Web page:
The 6-5, 225-pound righthander from East Northport went 3-3 with a 3.02 ERA last season for St. Anthony’s. He was throwing 92-93 mph last fall. He’s hoping to reach 95-96 this spring.
DeCaro has spoken to 15-20 major-league scouts. But he will have a choice to make if he’s drafted: Go pro or go pitch for UNC.
“It’s a decision that me and my family have to sit and talk about,” DeCaro said. “But the idea of that happening is very exciting and the possibility is definitely real.”
ANDREW KOSHY, Kellenberg
The delivery by Koshy is out of the ordinary. The results can be extraordinary.
“I have a weird arm angle, low three-quarters,” Koshy said. “I throw sidearm and have a lot of tail on my fastball, moves horizontally a lot.”
The velocity has really picked up the last few years for the 6-1 righthander from Albertson.
Koshy has gone from throwing 79 mph to 93.
Last year, he pitched to a 1.75 ERA for Kellenberg. He fanned 57 and walked just seven in 36 innings.
Wake Forest wanted him to join the cause. Koshy, who also plays third or first, has committed to pitch for the ACC school.
“The goal in baseball is to obviously go to MLB, to be drafted out of high school or Wake Forest,” Koshy said. “I had a couple [of scouts] at my games recently. And so hopefully [there will be] some more over the spring.”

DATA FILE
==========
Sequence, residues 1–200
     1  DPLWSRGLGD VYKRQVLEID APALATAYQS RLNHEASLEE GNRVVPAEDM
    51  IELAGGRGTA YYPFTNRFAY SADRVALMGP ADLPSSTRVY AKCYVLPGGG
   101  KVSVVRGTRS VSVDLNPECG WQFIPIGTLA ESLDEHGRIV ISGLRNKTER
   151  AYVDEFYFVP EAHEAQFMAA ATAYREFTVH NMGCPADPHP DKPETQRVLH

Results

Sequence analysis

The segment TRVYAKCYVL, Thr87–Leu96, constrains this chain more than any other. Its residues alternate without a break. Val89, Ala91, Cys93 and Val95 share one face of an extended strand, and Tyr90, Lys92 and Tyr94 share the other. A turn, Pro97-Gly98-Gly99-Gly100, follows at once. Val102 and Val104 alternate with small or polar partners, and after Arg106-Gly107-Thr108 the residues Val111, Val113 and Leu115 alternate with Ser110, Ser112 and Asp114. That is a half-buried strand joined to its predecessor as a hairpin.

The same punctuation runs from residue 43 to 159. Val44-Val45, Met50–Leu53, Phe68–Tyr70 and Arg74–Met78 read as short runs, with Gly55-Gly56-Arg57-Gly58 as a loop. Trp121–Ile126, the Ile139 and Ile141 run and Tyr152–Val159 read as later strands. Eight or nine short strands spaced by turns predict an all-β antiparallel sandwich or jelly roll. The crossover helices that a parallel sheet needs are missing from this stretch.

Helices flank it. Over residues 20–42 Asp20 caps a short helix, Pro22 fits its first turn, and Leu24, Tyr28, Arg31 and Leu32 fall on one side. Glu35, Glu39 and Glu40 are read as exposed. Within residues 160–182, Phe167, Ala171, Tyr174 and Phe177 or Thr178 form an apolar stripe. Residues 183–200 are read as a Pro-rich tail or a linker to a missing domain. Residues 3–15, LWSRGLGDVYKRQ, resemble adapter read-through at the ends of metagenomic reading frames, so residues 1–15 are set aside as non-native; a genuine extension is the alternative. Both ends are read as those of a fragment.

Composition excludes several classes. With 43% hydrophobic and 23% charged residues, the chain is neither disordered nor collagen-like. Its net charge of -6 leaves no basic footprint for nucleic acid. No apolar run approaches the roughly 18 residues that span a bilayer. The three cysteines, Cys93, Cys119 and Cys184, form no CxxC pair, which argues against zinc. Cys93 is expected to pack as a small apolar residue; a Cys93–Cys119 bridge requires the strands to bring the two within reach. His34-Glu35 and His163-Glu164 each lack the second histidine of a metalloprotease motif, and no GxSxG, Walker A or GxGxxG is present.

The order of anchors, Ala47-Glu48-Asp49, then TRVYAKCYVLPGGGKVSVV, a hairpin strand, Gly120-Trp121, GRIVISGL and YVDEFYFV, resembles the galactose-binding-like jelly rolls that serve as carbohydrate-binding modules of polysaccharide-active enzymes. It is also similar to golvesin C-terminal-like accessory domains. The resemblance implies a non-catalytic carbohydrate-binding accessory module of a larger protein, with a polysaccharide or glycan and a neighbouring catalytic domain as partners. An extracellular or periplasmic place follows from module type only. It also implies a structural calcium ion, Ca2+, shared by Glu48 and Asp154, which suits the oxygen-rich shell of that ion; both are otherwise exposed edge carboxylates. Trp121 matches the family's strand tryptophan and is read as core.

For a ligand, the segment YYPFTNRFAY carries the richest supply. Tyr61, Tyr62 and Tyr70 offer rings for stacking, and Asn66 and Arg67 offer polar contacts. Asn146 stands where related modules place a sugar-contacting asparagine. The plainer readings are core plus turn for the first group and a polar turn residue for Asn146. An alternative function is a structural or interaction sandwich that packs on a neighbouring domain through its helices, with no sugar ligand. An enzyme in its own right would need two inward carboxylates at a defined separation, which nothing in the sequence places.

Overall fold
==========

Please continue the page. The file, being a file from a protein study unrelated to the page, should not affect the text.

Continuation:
NICK RIZZO, East Islip
Rizzo can pitch and he can hit.
But what does he like better?
“I’d say definitely pitching,” Rizzo said. “You can control the game.”
The 6-1 lefty has excelled at it for East Islip. He went 6-1 with a 0.87 ERA as a junior.
“I’m able to throw multiple pitches for strikes and control the game at my pace,” Rizzo said.
Rizzo is also a first baseman. He batted .333 season with 18 RBIs in 2022.
But Stony Brook coveted him for his pitching ability. And that’s where he has committed. He praised the program and said he likes that it’s “close to home.”
“I feel like I’ve prepared myself well with travel and high school ball,” Rizzo said. “So I think I’ll do well.”